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Traffic woes across Canada continue despite decline in road congestion

Critics are blasting the City of Montreal for the massive amount of traffic clogging streets, that some says has gone from bad to worse this month. The opposition says poor planning of road work is to blame and has been a problem for years. (File/Canadian Press). THE CANADIAN PRESS IMAGES/Mario Beauregard

MONTREAL – From the every day rush hour to construction and detours, traffic can often come to a standstill in large cities.

So, is it really a surprise that Vancouver, Toronto and Montreal topped the list of most congested cities in Canada?

According to the TomTom Traffic Index, Canada’s average traffic congestion rate dropped by two per cent, from 27 per cent to 25 per cent, with the busiest times usually happening on Thursday evenings.

The annual report detailed 295 cities in 38 countries around the world with the most traffic congestion, based on 14 trillion data points over eight years.

In Canada, Vancouver ranked the highest with a 34 per cent traffic congestion rate.

Toronto came in second at 28 per cent, while Montreal sits at a rate of 26 per cent followed by Ottawa (26 per cent), Halifax (26 per cent) and Winnipeg (22 per cent).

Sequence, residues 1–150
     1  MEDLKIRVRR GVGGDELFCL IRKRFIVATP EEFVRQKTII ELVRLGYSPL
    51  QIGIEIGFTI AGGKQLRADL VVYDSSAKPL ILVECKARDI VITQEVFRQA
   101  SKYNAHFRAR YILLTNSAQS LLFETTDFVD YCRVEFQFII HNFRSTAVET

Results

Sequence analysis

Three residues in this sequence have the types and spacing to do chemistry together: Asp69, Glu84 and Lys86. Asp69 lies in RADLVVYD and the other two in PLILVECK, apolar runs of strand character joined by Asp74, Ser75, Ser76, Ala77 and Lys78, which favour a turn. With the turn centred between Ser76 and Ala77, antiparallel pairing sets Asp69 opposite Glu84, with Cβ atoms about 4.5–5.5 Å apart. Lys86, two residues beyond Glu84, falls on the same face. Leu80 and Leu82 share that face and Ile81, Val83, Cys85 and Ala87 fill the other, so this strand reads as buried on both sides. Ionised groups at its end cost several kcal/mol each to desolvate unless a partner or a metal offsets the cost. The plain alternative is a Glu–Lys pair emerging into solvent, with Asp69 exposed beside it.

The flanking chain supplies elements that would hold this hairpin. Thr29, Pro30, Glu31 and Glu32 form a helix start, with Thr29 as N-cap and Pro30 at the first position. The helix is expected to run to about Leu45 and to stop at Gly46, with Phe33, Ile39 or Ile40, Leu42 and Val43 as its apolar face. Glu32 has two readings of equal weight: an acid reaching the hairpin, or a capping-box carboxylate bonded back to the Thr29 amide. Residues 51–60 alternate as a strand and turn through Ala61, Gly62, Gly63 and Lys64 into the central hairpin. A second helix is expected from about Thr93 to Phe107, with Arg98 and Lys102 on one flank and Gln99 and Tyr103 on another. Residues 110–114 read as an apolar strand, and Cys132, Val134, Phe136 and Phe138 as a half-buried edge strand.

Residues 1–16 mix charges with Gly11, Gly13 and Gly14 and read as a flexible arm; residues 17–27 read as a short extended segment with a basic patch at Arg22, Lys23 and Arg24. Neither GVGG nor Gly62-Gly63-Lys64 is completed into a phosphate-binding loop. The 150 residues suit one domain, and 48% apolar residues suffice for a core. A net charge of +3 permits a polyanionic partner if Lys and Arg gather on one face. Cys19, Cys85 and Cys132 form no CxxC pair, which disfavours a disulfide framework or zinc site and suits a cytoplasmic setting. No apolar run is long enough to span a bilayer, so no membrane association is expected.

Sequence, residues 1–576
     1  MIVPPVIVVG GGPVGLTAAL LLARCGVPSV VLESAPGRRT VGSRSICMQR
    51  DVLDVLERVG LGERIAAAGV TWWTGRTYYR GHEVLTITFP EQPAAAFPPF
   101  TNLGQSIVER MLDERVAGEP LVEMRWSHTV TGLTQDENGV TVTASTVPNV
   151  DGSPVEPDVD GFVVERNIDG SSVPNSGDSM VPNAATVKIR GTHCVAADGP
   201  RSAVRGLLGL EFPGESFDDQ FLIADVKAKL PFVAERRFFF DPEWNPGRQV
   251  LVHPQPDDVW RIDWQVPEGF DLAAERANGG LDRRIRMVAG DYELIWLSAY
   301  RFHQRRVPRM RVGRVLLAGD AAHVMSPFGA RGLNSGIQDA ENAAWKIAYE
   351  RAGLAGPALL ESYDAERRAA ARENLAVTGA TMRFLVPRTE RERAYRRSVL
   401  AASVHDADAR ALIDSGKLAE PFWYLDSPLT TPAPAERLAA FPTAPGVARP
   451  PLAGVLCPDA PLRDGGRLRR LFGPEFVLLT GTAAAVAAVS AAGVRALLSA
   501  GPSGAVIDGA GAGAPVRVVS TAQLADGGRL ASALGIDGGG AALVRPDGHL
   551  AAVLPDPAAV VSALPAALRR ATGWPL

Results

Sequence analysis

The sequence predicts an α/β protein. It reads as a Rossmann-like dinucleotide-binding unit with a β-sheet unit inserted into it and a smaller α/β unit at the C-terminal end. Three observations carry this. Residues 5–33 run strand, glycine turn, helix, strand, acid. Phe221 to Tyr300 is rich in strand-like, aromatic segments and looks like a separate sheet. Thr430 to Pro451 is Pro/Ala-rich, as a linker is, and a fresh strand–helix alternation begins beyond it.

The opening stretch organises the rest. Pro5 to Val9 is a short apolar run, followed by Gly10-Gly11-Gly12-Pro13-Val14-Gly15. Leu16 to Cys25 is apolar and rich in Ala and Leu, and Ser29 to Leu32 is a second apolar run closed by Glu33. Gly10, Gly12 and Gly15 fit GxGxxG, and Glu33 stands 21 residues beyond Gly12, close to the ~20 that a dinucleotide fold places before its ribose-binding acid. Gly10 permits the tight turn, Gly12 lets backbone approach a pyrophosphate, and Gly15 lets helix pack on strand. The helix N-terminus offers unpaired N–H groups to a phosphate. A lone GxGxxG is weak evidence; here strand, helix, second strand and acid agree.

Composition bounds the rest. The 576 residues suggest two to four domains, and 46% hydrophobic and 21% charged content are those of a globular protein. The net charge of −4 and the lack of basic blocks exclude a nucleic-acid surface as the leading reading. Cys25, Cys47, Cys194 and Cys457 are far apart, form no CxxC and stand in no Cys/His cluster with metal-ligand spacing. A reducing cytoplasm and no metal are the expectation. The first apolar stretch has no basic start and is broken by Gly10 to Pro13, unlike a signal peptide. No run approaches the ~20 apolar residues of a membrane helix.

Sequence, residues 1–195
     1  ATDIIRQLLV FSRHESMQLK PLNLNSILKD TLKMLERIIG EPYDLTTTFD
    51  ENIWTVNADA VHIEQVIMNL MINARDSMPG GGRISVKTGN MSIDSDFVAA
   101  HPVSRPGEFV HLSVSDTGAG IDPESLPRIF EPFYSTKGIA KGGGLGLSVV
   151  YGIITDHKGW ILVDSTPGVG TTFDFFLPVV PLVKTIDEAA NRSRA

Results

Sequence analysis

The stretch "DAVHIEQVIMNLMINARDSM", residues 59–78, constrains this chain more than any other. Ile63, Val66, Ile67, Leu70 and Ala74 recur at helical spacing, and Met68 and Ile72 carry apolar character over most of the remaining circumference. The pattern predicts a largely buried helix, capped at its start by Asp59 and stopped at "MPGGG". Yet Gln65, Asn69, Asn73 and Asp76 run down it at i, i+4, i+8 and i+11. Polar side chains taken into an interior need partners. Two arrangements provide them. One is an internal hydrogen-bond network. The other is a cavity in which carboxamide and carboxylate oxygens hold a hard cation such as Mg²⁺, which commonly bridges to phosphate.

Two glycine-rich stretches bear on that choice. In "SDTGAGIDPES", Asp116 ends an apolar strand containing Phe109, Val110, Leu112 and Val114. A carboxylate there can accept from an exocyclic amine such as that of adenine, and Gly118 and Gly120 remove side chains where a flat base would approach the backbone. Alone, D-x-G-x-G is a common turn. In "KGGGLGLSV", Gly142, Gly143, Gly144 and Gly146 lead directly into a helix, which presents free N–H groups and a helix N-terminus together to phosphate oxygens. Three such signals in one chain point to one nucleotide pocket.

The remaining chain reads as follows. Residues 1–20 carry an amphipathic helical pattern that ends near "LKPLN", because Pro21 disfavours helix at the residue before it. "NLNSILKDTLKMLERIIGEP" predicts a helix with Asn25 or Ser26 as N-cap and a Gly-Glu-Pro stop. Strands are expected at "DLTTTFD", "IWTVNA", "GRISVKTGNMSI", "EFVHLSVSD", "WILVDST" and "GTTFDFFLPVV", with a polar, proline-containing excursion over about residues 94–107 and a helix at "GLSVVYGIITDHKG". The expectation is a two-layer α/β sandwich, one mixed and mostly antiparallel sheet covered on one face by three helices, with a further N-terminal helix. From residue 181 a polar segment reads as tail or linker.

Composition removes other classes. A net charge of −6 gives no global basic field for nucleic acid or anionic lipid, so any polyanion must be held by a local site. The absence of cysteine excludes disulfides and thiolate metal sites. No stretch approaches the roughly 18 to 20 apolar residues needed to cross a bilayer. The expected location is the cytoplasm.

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The least congested city in the country is Calgary, whose rate dropped by three per cent.

However, the trend is shifting with most cities experiencing a decline in traffic – a first in Vancouver since 2010; and 2012 in Toronto and Montreal.

Over the last year, drivers in Vancouver have saved nearly four hours of sitting in traffic, thanks to better traffic management.

In Toronto, that number drops by 11 hours; Montrealers spend about half an hour less time sitting in traffic.

“We really want everybody to think about how they can lower the amount of time they waste in traffic every day – and to realize that we all need to play a part,” said Ralf-Peter Schaefer, vice president of TomTom Traffic, who credits infrastructure and traffic management for the decline.

“Consider other modes of travel – maybe the fastest way to get to work is by bike, on public transport, or even by foot.”

Despite the improved rates, commuters will still spend an average of 126 hours of extra travel time per year – slightly more than five full days.

rachel.lau@globalnews.ca

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